But she captures a moment in which the peril of meeting the Cannes press becomes clear: one mercifully unnamed journalist asked jury president Robert De Niro "Are you talkin' to me?" – and then followed that hackneyed "Taxi Driver"-inspired query with another, far ruder question drawn from "Raging Bull": "Did you [bleep] my wife?" De Niro, for the record, did not respond.
If it wouldn't be Cannes without stupid questions from journalists, it also wouldn't be Cannes without political controversy. The first this year comes over the films that will be screened in an anthology of shorts by Egyptian filmmakers that will serve as the centerpiece of a tribute to cinema from the country that recently toppled president Hosni Mubarak.
The problem, says Menna Taher at ahramonline, is that two of the directors represented "were actively involved with the corrupt regime, going as far as making adverts for Mubarak’s 2005 presidential campaign." An online petition has gathered close to 200 signatures.
While the focus of the festival itself is clearly on art movies, other action at Cannes has very little to do with high-minded cinema. Many of the offerings in the marketplace are closer to grindhouse than arthouse, while the lure of all that media is irresistible to many a would-be blockbuster that sets up big displays in front of the Carlton hotel or on the beach.
The latter was the setting for a Wednesday "photo call" for the upcoming "Shrek" spinoff "Puss In Boots." DreamWorks Animation chief Jeffrey Katzenberg has always liked to use Cannes as a launching pad, so he and Paramount screened some of the movie and plopped stars Antonio Banderas and Salma Hayek in front of a giant pair of boots perched on a pier (above).
The result wasn't exactly the kind of careful consideration given to, say, "Midnight in Paris" and "Sleeping Beauty." Instead, "Puss in Boots" got a flamenco-spiked spot on the Today show, and web stories like the E!Online one headlined "Salma Hayek Talks 'Doing It' with Puss in Boots' Antonio Banderas." Of course, the short piece explains that the "it" they were doing was recording dialogue. This might seem a little lowbrow compared to much other Cannes coverage, but Paramount and DWA were hardly looking for anything else.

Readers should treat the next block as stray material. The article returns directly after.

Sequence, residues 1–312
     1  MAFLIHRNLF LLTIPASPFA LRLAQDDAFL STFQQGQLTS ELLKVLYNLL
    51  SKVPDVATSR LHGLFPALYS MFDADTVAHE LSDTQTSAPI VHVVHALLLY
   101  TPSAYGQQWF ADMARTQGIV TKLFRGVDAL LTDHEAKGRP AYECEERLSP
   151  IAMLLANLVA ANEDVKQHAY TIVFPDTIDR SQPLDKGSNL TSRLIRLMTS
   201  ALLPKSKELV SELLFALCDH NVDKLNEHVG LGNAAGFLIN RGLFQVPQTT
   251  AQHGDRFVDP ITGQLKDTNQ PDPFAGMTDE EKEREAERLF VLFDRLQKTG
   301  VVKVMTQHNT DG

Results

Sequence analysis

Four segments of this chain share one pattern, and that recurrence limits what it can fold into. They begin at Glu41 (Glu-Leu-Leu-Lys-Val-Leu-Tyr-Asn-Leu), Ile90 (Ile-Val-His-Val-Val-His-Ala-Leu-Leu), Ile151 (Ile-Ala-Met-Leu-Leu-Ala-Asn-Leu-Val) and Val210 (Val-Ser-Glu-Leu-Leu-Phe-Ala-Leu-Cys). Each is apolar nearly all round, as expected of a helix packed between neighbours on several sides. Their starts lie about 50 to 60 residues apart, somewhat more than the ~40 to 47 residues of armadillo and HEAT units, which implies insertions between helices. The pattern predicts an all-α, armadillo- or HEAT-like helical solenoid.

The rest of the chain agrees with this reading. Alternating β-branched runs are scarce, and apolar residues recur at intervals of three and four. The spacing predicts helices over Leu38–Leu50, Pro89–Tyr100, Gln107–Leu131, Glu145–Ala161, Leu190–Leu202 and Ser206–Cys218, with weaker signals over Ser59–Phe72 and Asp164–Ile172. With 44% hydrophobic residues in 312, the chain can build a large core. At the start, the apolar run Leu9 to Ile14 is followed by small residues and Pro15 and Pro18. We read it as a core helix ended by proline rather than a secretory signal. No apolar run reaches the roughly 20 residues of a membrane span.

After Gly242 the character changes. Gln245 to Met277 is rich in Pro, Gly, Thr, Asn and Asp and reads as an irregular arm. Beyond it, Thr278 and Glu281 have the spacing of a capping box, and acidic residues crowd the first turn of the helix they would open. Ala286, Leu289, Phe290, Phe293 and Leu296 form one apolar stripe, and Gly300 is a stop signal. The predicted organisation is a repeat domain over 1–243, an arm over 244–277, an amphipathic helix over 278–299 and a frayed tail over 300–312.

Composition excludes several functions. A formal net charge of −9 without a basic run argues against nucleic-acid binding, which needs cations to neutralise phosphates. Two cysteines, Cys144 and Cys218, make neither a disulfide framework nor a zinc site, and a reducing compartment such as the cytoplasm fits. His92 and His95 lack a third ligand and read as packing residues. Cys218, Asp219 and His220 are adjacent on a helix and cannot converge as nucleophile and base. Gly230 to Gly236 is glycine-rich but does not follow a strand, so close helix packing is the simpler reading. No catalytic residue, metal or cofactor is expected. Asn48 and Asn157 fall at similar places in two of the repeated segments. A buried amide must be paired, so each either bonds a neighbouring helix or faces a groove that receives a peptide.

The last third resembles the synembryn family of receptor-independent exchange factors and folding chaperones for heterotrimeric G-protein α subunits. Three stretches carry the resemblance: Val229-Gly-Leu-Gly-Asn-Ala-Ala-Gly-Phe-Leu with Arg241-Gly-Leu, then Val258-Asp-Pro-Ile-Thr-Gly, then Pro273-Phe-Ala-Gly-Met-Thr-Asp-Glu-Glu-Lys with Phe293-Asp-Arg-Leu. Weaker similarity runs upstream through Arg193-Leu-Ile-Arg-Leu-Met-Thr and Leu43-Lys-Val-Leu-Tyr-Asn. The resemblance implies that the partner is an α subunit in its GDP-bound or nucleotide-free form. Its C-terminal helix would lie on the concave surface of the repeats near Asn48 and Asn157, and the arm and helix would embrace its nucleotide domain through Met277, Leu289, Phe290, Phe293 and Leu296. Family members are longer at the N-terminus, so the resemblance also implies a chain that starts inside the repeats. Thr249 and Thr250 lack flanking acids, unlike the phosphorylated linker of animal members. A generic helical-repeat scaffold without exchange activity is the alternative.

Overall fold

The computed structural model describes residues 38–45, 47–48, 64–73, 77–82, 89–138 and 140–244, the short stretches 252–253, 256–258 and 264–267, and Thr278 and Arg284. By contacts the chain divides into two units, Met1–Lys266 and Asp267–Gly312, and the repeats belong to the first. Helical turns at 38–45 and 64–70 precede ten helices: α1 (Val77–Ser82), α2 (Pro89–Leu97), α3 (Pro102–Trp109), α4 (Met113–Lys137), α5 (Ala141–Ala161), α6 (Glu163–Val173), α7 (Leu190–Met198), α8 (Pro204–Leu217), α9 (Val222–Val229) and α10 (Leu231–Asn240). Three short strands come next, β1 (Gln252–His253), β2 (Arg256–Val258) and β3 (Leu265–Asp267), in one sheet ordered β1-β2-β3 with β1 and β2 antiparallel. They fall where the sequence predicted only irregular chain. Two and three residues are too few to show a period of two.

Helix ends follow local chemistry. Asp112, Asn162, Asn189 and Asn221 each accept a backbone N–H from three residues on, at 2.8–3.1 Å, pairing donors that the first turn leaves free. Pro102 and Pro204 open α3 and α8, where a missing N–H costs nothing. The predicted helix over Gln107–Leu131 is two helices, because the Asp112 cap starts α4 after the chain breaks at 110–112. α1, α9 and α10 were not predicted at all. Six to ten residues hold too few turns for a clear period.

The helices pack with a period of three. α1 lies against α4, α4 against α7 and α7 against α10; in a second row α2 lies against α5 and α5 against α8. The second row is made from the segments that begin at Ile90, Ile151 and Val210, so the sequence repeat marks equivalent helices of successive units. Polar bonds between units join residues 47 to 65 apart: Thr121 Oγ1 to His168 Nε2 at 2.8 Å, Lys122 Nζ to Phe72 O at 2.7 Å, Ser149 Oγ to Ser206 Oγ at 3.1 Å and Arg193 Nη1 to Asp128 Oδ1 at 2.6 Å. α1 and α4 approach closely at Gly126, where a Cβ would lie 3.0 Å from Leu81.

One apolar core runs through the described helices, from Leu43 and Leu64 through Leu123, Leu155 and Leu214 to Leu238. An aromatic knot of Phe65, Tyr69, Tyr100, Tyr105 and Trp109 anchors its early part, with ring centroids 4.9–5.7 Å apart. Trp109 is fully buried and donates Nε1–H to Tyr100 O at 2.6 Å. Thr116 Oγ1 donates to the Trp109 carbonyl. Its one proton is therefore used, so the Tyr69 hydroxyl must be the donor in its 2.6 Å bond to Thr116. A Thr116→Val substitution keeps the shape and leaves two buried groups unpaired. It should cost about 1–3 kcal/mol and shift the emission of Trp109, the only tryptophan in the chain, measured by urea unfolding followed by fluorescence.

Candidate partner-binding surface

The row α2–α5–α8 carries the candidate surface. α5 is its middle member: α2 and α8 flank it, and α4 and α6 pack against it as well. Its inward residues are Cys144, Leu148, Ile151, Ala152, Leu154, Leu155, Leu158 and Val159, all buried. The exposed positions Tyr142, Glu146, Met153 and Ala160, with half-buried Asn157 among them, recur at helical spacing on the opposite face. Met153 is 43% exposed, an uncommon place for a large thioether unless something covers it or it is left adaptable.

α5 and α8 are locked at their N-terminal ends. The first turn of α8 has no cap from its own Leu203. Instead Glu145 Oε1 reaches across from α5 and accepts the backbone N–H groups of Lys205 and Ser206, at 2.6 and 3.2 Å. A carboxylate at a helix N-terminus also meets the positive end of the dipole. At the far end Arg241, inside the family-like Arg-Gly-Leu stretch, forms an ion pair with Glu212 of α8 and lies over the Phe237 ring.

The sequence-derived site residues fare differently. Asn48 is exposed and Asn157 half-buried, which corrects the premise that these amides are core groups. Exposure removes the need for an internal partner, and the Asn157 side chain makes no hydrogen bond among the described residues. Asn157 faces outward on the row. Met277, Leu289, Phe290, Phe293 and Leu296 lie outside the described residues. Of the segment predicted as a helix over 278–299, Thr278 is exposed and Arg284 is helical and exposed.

Cannes also makes room for a few old movies. The Cannes Classics section will present an array of favorites, including the one that Steve Rose dissects in The Guardian: Stanley Kubrick's "A Clockwork Orange," the violent black comedy that prompted so many protests that it was withdrawn from circulation in Britain by its director in 1974.
Now, says Rose, things are different: the films iconography has been appropriated by scores of people, from David Bowie to Lady Gaga to numerous directors – "and with each new appropriation, it gets that little bit harder to remember what all the fuss was about in the first place." As the film's May 13 Cannes screening approaches, star Malcolm McDowell helps remind Rose of that fuss.
Rachel McAdams: Vittorio Zunio Celotto/Getty Images
Banderas and Hayek: Andreas Rentz